And I will take my vantage point in the aforementioned education or course I am following this fall. Because when we met for the first time back in September, I had another insight about how Magic has had a profound effect on my life – and still has (you can read some of my other thoughts on that matter here).
Because on that first day, we were asked to draw our personal learning journey. Now, what might that be? You ask. Great question, thank you for asking that.
The personal learning journey is a visual collection of some of the most radical or deep-seated learning experiences you have had throughout your life. It could be the time when you cracked the code to the magic of reading, it could be that time, when you experienced how your words have true and meaningful impact on your surroundings or it could be when you stood with your newborn in your arms the first time. The point is, that this learning journey encompasses all major – and possibly personality defining – learning instances throughout your life. Both in formal educational contexts and others.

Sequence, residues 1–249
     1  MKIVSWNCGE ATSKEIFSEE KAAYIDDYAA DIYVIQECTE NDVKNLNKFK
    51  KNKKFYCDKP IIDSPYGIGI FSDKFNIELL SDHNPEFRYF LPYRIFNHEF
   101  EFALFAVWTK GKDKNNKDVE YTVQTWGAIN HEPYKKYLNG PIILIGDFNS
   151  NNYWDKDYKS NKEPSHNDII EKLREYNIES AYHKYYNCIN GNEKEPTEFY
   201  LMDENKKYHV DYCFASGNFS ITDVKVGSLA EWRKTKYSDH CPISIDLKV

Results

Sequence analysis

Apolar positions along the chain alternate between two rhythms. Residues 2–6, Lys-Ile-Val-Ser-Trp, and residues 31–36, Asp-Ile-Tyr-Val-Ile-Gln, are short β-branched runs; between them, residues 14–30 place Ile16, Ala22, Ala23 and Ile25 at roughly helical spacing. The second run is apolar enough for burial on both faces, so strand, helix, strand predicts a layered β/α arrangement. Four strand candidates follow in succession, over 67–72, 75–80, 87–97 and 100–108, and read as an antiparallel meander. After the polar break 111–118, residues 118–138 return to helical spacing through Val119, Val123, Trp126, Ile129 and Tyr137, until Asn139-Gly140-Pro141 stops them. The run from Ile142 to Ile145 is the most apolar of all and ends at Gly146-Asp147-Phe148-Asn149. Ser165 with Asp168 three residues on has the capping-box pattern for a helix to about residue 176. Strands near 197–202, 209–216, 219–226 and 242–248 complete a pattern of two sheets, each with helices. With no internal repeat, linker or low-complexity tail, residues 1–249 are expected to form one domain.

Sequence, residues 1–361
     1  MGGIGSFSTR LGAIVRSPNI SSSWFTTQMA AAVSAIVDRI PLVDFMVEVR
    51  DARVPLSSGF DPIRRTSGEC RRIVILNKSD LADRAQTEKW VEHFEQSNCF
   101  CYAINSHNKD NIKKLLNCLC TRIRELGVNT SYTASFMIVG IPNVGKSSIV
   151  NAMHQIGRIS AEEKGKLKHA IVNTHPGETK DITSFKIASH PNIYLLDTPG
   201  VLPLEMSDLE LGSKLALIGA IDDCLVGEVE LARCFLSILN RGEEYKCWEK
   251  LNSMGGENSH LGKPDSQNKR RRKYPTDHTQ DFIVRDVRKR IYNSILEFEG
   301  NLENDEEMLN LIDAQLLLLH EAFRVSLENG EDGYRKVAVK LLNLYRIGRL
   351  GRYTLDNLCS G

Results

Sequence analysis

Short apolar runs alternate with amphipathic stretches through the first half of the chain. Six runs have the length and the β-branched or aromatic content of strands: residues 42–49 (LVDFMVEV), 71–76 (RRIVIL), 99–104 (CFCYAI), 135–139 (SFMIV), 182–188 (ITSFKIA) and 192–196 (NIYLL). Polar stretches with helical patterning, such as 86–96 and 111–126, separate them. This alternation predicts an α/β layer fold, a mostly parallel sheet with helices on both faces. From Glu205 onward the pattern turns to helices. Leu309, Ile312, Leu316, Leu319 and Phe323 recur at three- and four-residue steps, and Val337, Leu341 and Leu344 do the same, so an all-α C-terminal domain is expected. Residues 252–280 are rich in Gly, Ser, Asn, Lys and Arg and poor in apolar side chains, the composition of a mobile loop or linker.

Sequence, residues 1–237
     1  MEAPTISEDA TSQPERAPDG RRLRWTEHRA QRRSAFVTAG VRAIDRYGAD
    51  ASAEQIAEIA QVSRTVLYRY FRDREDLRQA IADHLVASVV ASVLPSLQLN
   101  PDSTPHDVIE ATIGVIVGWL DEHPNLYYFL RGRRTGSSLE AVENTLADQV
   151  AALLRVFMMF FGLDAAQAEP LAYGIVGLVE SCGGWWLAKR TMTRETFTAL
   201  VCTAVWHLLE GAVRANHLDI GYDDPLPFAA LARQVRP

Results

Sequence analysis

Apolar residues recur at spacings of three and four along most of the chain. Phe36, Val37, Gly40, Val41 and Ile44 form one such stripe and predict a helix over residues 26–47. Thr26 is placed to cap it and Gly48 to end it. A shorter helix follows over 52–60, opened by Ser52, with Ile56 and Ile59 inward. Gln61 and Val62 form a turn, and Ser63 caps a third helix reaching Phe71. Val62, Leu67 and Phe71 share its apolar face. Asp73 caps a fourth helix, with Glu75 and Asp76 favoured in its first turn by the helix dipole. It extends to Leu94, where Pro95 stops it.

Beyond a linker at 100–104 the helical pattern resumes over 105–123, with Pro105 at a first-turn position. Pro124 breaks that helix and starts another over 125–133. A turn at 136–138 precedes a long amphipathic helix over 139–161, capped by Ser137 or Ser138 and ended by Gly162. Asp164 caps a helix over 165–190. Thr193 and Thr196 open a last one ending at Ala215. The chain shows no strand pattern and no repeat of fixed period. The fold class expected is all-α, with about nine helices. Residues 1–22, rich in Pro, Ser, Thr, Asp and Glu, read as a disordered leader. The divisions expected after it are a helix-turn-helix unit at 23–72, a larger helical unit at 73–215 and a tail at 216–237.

And why am I writing this, on this exact blog. Well, first of all because this is the blog I have access to write on, and I really think it is a very inspirational and can-be enlightening way of looking at your life to make such a learning journey. Also – and, admittedly, maybe more importantly – because the first mark on my personal learning journey was when I started to play Magic the Gathering.
Learning on many levels
See, it is not because learning or playing Magic was the first important or life-altering thing I ever learned. Learning to read, write, and do (very basic, thank you!) math all precedes my magic learning process in time. However, I cannot remember any of those learning points. I cannot remember my feelings when I learned to read and so on.
But I do remember when I started playing Magic.